I recently came across an acquaintance who told me of their male relative living in Austin, Texas, that had lost a leg and had been experiencing what she referred to as phantom pains. According to an unofficial online medical dictionary, phantom pain is described as, “pain felt as if it were arising in an absent or amputated limb or organ.” This relative had been in somewhat of a funk for the past year since the loss of his leg. Apparently, within the last week, he smoked marijuana and the phantom pains stopped. She said that he seemed to be adjusting better to the loss of his leg and was actually smiling again.
Whether or not marijuana has any effect on reducing the occurrence of phantom pains is obviously a controversial subject. I have not researched the issue, am not a doctor, and in no way hold myself out to be an expert on the effects of marijuana in such cases. I will let the doctors, scientists, and researchers concentrate on providing advice in that area.
One person dealing with the loss of a limb provides very little, if any, statistical data by which to draw any conclusions regarding the effectiveness of marijuana use in combating phantom pains. For instance, my acquaintance said that it had been a year since her relative had lost the leg. It may very well be that a year was the amount of time that this particular individual needed to mentally deal with the loss of his leg. The marijuana may have played very little if any, role in the change in behavior and perceived recovery from phantom pains.
I am going to assume for the purposes of my discussion that the marijuana that he got from https://www.koalitymedicinals.com/ did have an effect on his behavior and/or phantom pains, regardless of whether the beneficial outcome was due to perception of reality. Whether there is scientific research to support the proposition that there is a positive correlation between marijuana use and pain relief will remain a question to be answered on another’s web page.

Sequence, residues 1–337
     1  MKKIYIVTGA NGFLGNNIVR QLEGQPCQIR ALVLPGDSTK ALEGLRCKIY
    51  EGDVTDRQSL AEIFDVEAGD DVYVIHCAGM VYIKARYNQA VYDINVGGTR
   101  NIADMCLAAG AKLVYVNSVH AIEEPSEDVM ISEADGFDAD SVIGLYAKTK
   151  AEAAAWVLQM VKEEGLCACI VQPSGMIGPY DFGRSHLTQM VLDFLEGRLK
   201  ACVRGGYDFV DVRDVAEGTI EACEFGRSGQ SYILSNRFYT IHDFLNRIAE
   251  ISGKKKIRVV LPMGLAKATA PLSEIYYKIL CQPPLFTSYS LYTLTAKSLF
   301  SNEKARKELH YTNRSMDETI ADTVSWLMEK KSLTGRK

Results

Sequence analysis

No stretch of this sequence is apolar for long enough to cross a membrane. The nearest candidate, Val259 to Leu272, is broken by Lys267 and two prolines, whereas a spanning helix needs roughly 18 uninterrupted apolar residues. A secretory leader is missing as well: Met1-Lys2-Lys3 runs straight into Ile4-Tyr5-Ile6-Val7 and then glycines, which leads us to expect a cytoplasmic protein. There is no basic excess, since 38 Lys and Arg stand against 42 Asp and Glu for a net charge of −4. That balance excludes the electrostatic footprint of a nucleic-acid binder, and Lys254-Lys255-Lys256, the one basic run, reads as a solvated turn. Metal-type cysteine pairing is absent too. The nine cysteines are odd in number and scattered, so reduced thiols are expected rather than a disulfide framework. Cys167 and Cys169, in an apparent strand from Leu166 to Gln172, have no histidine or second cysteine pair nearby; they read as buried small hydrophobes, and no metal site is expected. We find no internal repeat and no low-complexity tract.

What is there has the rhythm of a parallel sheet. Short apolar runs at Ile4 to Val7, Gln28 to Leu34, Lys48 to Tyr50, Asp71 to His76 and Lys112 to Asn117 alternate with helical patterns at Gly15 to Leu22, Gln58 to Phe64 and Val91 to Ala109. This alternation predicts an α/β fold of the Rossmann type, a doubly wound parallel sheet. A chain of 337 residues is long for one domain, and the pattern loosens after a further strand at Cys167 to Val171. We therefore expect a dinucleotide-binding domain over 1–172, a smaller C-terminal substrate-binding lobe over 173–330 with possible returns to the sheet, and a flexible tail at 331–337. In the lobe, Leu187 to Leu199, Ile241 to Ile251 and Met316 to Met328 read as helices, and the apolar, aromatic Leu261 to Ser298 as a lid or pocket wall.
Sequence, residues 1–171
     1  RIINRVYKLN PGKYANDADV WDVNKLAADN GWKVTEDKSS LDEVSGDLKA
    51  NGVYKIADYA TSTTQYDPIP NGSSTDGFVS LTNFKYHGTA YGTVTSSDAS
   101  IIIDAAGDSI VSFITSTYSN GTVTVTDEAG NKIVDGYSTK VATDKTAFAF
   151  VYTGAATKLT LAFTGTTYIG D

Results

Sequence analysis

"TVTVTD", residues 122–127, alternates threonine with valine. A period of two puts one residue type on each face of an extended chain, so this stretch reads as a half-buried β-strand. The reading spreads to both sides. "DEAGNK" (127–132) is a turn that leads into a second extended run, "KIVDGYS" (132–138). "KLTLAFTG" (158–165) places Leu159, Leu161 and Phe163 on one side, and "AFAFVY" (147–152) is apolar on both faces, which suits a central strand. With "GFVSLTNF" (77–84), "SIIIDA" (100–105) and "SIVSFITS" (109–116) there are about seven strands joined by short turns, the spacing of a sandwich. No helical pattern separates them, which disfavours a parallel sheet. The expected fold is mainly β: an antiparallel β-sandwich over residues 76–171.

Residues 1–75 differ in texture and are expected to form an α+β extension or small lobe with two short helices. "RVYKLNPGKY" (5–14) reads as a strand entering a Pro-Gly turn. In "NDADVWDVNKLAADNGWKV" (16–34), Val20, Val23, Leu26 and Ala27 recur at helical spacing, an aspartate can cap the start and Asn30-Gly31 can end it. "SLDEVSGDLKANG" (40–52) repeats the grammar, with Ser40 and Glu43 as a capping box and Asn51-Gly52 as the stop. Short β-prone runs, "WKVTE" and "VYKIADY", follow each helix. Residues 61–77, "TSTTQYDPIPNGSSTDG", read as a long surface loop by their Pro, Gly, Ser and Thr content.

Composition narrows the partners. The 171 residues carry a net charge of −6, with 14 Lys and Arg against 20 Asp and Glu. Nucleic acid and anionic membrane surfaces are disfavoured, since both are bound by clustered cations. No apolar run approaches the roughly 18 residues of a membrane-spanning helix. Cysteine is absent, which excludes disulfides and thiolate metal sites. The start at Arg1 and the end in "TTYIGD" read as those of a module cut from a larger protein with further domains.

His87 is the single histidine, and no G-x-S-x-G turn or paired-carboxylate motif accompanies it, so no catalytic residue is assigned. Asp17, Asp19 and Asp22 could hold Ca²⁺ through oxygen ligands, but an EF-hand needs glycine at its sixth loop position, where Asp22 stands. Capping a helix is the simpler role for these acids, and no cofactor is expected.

Whether or not marijuana has an effect on a person’s actual or perceived pain symptoms does not change the fact that marijuana is illegal in Austin, Texas. As I have posted on numerous occasions, marijuana is illegal, and if you possess even a usable about of marijuana, you face prosecution for possession of marijuana.
Even obtaining a doctor’s note with proof of pain relief by means of marijuana does not excuse the subject from possession of marijuana charges.
If charges are pressed, there is a period during which negotiations with prosecutors occur. A lot of what is referred to as “boy scout” type material is discussed. “Boy scout” material is a term used for material or information discussed that is beneficial to the client. My thoughts are that a person’s criminal history is relevant to any and all criminal negotiations with prosecutors. On the other hand, I have had informal discussions (not dealing with a particular case) with prosecuting attorneys on a similar topic. What if a person had a prescription for marijuana from another state? My thought was that providing this type of information might harm the client during negotiations. However, information regarding a person’s health may be beneficial to a criminal negotiation, but whether a client’s health was relevant to a particular negotiation would be dealt with on a case by case basis.